The year

Dec. 31st, 2011 04:13 pm
mojosmom: (japanese icon)
in words )

and pictures )

Happy New Year, everyone!

Busy-ness

Dec. 5th, 2011 02:11 pm
mojosmom: (Default)
The holiday season is now in full swing, with lots of shopping opportunities. The Frank Lloyd Wright Preservation Trust has a shop in The Rookery, a Burnham and Root designed office building with later renovations by Wright. They had an event a few days ago with choir, champagne and sweets, and tours, so how could I pass that up? I used it more as a photo op than a shopping op, though:
University of Chicago Motet Choir
(More pretty pics here.)

Yesterday, my friends Barb and Patrice, a bookbinder and potter respectively, had their annual open house cum sale. I enjoyed their gingerbread cake and hot cider, and bought a nice garden journal for my sister and a small, lidded casserole dish for me.

Saturday was the Hyde Park Art Center's auction, "Party with an Artist". It was fun, and my neighbor Marva, also a potter, had a piece up for auction. (I'll be going to her open house/sale next weekend!) There were several pieces that intrigued me, but starting bids on most were a bit rich for my blood. However, I did successfully bid on one, an abstract (not my usual!) piece called "Among the Rafters":
Among the Rafters, Holly Cahill

As I was leaving the house to go there, I saw three boxes of books sitting by the dumpster. My initial excitement faded, however, when I realized that they were almost all out-of-date economics textbooks. However, I did retrieve two Harvard Classics volumes: Charles Dana's Two Years Before the Mast, and Twenty-Four Years After, and a volume with bits of Plato, Epictetus and Marcus Aurelius.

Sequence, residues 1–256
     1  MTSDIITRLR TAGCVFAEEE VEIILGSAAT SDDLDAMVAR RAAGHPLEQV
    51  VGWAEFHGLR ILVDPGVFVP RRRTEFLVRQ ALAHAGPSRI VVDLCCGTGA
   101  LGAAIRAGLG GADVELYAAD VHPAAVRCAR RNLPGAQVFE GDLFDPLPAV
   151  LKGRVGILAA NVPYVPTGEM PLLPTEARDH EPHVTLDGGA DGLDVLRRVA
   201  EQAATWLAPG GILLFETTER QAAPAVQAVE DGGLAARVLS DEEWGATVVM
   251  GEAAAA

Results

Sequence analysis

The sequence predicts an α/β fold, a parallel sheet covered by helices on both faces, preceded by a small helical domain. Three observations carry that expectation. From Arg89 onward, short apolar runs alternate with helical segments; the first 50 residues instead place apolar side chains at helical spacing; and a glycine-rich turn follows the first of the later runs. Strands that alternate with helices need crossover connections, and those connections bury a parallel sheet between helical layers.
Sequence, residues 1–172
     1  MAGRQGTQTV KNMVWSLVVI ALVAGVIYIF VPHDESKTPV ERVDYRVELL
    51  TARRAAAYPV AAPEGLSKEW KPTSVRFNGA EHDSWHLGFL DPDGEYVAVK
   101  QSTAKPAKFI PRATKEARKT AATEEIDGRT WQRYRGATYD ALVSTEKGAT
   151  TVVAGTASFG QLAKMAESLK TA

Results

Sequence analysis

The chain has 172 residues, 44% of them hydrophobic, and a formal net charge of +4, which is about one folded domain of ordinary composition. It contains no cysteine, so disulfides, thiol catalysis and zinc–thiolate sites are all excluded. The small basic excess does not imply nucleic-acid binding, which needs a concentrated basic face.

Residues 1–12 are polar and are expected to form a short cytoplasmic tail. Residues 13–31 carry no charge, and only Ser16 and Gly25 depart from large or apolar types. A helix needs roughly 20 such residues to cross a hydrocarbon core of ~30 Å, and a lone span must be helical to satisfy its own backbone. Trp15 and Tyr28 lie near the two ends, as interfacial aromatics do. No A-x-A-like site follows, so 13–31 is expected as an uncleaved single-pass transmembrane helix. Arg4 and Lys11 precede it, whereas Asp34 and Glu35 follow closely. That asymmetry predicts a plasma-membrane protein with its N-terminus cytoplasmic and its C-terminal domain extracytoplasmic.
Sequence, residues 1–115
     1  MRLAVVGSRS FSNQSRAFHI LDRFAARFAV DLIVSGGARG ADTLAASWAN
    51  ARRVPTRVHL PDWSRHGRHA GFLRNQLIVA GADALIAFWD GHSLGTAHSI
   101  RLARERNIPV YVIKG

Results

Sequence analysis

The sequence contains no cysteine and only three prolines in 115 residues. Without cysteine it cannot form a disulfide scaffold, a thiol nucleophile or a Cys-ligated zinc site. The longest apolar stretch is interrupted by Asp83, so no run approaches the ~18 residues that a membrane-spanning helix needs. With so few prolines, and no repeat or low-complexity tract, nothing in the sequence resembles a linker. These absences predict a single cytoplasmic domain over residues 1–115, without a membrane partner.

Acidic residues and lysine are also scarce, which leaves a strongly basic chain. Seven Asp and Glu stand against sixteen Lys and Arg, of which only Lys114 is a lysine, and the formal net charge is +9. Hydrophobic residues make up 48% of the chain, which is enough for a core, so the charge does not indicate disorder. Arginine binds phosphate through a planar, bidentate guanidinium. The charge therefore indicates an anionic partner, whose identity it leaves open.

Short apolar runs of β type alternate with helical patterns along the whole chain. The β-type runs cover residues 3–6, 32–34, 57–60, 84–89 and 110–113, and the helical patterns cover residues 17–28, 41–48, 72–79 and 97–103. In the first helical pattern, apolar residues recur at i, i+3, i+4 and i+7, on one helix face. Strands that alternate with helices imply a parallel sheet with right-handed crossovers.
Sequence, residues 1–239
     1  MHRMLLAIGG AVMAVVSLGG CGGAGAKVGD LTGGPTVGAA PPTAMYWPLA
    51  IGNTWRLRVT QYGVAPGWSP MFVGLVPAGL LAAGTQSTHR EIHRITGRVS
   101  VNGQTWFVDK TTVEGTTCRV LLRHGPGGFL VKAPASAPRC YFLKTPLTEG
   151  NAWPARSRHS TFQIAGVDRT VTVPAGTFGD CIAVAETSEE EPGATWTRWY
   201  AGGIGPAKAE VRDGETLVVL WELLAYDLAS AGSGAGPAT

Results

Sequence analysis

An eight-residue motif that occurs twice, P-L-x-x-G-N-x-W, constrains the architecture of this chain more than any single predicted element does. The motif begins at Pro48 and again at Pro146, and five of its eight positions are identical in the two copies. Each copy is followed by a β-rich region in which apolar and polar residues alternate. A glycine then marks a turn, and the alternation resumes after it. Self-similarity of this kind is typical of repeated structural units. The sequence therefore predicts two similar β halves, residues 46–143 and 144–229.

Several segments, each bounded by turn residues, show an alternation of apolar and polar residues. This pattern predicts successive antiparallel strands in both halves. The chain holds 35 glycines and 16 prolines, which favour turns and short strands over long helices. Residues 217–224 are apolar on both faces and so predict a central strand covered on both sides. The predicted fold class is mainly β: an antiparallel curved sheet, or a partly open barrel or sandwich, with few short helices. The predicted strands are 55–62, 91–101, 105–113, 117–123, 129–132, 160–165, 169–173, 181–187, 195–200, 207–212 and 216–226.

One of the things that I decided to do once I retired was to join The Saints, an organization of volunteers for the arts, to do some ushering. I did my first event on Saturday, at a performance of Amahl and the Night Visitors by the Chicago Chamber Opera, at the main library. That opera is one of my earliest television memories, being the very first show I saw on the first television my family owned. It was stage-directed by Menotti's son, Francis, and choreographed by Dame Libby Komaiko. I sniffled, as always.

In other things operatic, we went to Ariadne auf Naxos at Lyric on Friday, and enjoyed it tremendously.

Today, I dug up my rosemary from the planter on the back porch, put it in a pretty pot, and brought it indoors to sit on my kitchen window sill:
Rosemary

Apropos of nothing, just because she's cute:
Table décor
mojosmom: (photos)
I was out on the town tonight, and took these photos:

Fire escapes on North Clark

Adams at Dearborn
mojosmom: (Default)